I purposely chose to write this commentary after Valentine’s Day, lest it dampen the spirit of some enthusiasts.
Forgive me for not being commercially romantic, but I resist allowing a day designated on a calendar to dictate my romantic and/or spending habits. But it doesn’t mean that I’m in any way a misogynist or a misandrist.
Valentine’s Day is a tradition brimming with the zealousness of love, sex and chocolate, and an entire day sequestered to display affection, whether by delectable sweets, plush teddy bears or fragrant flowers.
Just as toy makers get excited about the approaching of Christmas, candy makers and florists bubble over Valentine’s Day. Jewelers also get in on the frenzy of consumers showing their love through their wallets.
Systematic annual gifts are often devoid of any expression of true love, and I stand firmly on the fact that lovers have all year to demonstrate their love to the subject of their affection by sharing quality time, constantly treating them with respect and honor and by avoiding counterproductive acts of love, which comes in many forms, such as physical and/or mental abuse. If you are a genuine L-O-V-E-R then you don’t H-O-V-E-R where love and affection is concerned, you display it everyday, in any and every way.
Often, when these commercially induced pre-designated annual “love” days come around, many people are following this routine out of the guilt of wrong doings. I guess that at least 50% of the women who are physically abused by the ‘special men’ in their lives received flowers and candy this past Valentine’s Day. And it’s highly likely that nearly all of those women were flattered and expressed their love in some physical or financial way.
Society has transformed the meaning of Valentine’s Day from its original context. As legend goes, Valentine was a priest who served during the 3rd Century in Rome. During the reign of Emperor Claudius II, it was decided that single men made superior soldiers compared to those whom had wives and families. The emperor then outlawed marriage for young men. Valentine, realizing the injustice of the decree, defied Claudius and continued to perform marriages for young lovers in secret. When Valentine’s actions were discovered, Claudius ordered that he be put to death, making him a martyr for his cause.
Valentine’s Day was not meant to be a day for the lavish display of gifts on your significant other, it was meant to be a celebration of St. Valentine’s bravery and his defiance of the emperor. However, as time changed, society has made it just that, a day of lust and passionate declaration of love.
From the celebration of our special someone and the gifts we give him or her, to the businesses that take advantage of society’s need to lavishly celebrate this changed tradition, Valentine’s Day has again morphed into a duplicitous scheme for corporations to exponentially inflate revenue.
It has become a battle against the large corporations to maintain a humble tradition of recognizing your love and infatuation of another.
Besides the point of Valentine’s Day being a time that allows our innate appetite for closer contact to be released, it is an overly exaggerated event that provides for the successful profiteering of businesses. Those choosing to participate in the holiday at an excessive level are anticipated to spend anywhere from $17 to $19 billion on candy, flowers, jewelry, wines and a night out.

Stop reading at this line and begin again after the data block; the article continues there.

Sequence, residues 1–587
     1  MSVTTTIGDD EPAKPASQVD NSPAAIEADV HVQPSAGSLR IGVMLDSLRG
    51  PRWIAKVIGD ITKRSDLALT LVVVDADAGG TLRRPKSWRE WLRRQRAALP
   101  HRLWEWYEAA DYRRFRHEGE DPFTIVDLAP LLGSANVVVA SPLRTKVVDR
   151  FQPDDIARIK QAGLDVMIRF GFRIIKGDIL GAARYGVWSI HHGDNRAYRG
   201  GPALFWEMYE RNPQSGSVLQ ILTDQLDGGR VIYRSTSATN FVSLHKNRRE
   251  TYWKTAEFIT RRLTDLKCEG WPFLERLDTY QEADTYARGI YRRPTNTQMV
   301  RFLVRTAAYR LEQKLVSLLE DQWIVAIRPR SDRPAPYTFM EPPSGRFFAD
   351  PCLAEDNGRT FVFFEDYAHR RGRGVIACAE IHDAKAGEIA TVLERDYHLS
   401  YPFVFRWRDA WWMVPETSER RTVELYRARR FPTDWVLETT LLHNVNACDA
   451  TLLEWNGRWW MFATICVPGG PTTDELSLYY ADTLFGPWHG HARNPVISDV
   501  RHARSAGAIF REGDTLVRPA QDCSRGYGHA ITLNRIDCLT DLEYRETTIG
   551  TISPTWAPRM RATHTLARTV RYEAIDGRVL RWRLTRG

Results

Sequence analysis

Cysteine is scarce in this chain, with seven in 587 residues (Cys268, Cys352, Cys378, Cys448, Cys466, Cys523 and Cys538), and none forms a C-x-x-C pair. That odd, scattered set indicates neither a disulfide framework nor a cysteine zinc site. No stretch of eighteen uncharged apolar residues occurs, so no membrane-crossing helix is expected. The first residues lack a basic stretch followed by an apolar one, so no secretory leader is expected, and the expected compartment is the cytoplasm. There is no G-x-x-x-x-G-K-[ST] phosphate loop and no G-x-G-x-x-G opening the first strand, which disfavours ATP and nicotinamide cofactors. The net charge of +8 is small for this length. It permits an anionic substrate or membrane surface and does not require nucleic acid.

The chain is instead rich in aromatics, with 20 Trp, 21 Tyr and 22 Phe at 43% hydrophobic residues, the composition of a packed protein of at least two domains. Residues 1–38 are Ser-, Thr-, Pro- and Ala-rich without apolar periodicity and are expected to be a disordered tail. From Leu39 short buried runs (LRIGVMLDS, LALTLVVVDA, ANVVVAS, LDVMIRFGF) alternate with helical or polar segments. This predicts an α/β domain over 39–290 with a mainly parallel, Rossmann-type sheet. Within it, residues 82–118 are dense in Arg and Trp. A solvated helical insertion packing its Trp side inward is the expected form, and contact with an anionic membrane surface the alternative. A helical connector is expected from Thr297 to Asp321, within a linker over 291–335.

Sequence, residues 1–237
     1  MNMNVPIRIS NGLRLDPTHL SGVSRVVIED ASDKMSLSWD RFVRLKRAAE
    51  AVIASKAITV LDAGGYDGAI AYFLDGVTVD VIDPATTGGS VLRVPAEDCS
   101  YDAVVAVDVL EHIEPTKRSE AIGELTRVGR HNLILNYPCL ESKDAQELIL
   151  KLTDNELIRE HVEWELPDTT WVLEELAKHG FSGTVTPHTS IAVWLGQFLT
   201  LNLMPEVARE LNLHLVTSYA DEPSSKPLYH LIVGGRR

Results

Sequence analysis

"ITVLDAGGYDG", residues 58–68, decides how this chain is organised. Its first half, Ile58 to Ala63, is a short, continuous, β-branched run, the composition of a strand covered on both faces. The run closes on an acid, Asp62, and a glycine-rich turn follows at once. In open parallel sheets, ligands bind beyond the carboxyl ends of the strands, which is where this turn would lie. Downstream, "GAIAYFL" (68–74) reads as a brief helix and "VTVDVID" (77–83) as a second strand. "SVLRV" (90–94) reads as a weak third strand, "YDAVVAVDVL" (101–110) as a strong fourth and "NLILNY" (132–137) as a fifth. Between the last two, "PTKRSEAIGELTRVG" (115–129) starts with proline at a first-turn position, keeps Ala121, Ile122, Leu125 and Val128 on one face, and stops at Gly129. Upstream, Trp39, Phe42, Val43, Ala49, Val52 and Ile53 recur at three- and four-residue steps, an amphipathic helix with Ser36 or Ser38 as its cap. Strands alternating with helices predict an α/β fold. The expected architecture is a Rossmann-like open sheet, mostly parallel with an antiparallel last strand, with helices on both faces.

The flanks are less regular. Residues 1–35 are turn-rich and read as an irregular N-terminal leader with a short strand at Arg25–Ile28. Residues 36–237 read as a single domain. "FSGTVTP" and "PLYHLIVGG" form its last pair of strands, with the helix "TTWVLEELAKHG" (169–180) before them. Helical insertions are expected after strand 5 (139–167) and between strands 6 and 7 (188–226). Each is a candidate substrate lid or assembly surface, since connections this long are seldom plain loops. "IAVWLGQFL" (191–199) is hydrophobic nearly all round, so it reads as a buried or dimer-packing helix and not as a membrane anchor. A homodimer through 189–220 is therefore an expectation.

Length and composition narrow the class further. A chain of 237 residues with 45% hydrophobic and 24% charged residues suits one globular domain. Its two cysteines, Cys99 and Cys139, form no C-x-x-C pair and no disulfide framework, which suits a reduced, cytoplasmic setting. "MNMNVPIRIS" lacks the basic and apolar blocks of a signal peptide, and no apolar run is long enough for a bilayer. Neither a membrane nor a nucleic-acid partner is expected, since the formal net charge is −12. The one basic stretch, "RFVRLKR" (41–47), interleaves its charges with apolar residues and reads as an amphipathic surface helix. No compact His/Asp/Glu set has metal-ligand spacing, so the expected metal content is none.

How ridiculous! It would appear that this day is no longer a modest custom, but an event with the obligation to participate. We can thank the vicious cycle of greed for that falsified desire to spend money on this “day of love.”
Organizations that are always looking out to make a million or two will do nearly anything to get you to open your wallet, be it the appealing discounts and deals, or the constant banter of “give your someone something special this Valentine’s Day.”
Ask yourself the question: where was this special someone all the time? Surely, she or he did not appear like the genie when Aladdin rubbed the lamp, hence, no reminder needed.
Flowers wilt and chocolate melts, so why treat February 14 as any other day than what it is. I can think of more than one reason not to celebrate this holiday, at least not to the extreme that it is today. After all, this holiday started out as nothing more than a feast to recognize St. Valentine’s martyrdom, so along with birthdays, anniversaries and Christmas, why make another day that requires the superfluous spending of money?
There are more than enough ways on this one day to dote upon your loved one without conforming to the societal decisions that jewelry, chocolate and roses need to signify your love. If you are to participate in this celebration, money doesn’t need to be spent in order to win the affections of your special someone. It’s the thought that counts, right? I mean money sure isn’t everything, or even the answer to love.
There are various opportunities and cheaper ways to appreciate your significant other; spending time with your loved one, and not with money, would be a great, simple and passionate way to express your feelings for your special someone on Valentine’s Day.
As Henry Miller, the famed American writer, once stated, “the only thing we never get enough of is love, and the only thing we never give enough of is love.”
Words well spoken and straight to the truth of the matter. So let’s give love any day, everyday, anyway, who knows, Valentine will eventually go away.
Aleuta—The struggle continues.